As notes Thomas Frank, the author of the best-selling book What's The Matter with Kansas, "The Republicans have learned how to stoke up resentment against the patronizing liberal elite, all those do-gooders who assume they know what poor people ought to be thinking. Right-wing politics has become a vehicle for channeling this popular anger against intellectual snobs. The result is that many of America's poorest citizens have a deep emotional attachment to a party that serves the interests of its richest."

The Democrats, however, didn't learn this lesson. They continued to attempt to use facts and figures to win over the voters while Ronnie would tell stories designed to inflame voter passions, such as the Cadillac Driving Welfare Queens. The nature of the story is intended to take advantage of prejudice, and promote through subtle means the party agenda (which would be available off-podium should someone want to peruse it). You know who won.

Barack Obama learned this lesson, somewhat, which was a factor in his victory. It also is a factor in the feelings of many independents and progressives that he failed them with his relative inactivity during his first year in office. The people of Virginia and New Jersey reflected this loss of faith through rejecting Democratic candidates for governor over a couple of guys who knew how to tell the sort of tale that the voters are conditioned to expect. This strategy worked once again in Massachusetts, where Scott Brown could drive his pickup truck around Massachusetts and earn believability with his tales. It worked so well that Coakley may well have lost even if she ran her campaign at least as well as Brown did his.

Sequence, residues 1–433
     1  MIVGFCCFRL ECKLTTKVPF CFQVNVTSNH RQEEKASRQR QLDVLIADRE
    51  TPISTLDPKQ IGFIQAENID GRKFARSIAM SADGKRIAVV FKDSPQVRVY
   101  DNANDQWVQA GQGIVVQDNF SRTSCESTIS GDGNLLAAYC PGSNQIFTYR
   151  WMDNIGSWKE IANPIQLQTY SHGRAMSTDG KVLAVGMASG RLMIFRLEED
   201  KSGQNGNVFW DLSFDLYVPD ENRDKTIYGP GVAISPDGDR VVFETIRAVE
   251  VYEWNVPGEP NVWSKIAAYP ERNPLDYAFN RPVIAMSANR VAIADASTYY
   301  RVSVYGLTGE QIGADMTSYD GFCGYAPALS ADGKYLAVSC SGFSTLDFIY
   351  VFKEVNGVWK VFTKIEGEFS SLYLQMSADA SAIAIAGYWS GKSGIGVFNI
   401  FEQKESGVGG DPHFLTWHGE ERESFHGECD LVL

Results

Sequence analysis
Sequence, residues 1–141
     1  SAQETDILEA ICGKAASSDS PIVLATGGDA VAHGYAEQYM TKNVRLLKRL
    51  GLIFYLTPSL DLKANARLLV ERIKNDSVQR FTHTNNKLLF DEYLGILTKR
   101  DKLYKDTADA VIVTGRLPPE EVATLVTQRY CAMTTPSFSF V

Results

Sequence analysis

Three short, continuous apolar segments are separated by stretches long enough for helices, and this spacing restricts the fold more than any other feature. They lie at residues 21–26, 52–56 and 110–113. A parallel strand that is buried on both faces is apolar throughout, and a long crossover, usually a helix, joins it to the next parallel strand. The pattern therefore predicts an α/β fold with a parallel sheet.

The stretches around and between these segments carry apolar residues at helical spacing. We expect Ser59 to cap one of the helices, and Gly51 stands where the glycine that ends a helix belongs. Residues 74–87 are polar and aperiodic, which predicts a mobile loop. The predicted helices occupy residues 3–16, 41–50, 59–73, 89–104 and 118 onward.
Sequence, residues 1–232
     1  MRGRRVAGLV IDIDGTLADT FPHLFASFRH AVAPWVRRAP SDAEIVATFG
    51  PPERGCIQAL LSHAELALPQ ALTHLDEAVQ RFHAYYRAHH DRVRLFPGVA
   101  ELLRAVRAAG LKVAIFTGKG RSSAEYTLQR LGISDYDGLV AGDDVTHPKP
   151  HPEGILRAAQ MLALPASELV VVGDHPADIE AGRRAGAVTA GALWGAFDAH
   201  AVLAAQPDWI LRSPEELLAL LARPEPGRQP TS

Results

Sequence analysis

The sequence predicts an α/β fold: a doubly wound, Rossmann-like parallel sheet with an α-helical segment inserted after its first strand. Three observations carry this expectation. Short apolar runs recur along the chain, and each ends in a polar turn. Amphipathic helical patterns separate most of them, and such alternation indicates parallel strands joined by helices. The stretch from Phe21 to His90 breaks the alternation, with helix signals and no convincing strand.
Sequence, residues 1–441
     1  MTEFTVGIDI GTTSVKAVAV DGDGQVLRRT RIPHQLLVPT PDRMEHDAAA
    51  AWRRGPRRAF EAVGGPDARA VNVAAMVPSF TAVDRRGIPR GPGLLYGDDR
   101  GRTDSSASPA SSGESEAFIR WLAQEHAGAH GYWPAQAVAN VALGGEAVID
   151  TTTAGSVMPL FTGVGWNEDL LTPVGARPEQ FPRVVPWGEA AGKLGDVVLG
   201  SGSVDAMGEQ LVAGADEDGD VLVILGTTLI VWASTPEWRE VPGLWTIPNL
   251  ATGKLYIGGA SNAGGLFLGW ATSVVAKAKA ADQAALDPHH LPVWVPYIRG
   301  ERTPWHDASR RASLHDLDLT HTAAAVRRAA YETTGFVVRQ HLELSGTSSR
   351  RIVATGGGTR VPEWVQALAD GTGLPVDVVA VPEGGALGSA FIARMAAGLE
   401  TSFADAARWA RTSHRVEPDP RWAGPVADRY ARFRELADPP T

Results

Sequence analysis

Based on post-election behaviors, this last loss finally got the message through to the Oval Office that they were in trouble. The first line of defense was to send out the spinmeisters to attempt to limit the damage, but the masterstroke was for Obama to make like Daniel and enter the Liars Den, otherwise known as the GOP issues retreat.

Due to illness, I wasn't following the news coverage as closely as I might have otherwise, but I suspect that it tended to lean in the direction of this confrontation copying a WWE cage match, but I suspect that it is going to prove to be more like a like-named episode of Outer Limits, in which an unexpected result occurs from the practice.

But it really is too soon to tell which, if either, outcome results from this meeting. Generally, the media - including the GOP-friendly New York Daily News - claim that Obama scored a knockout. Something significant did result, for the New York Daily News quoted Conservative Georgia Rep. Tom Price, head of the Republican Study Committee, who praised Obama "for his political skill" and for admitting that he broke an oath promising to negotiate all of health reform on C-SPAN. But since today's Republicans cannot lose graciously, Price launched his parting shots, calling the admission his "only moment of humility" and complained that Obama failed to answer the majority of the questions.

Only in his mind perhaps.

I haven't read through the entire transcript yet. It is so full of political boilerplate on both sides that it takes a while to find the real questions and answers. But I intend to do this and see just how well Obama really did. What I write next will determine how I treat him in my posts.

Right now, he can only go up.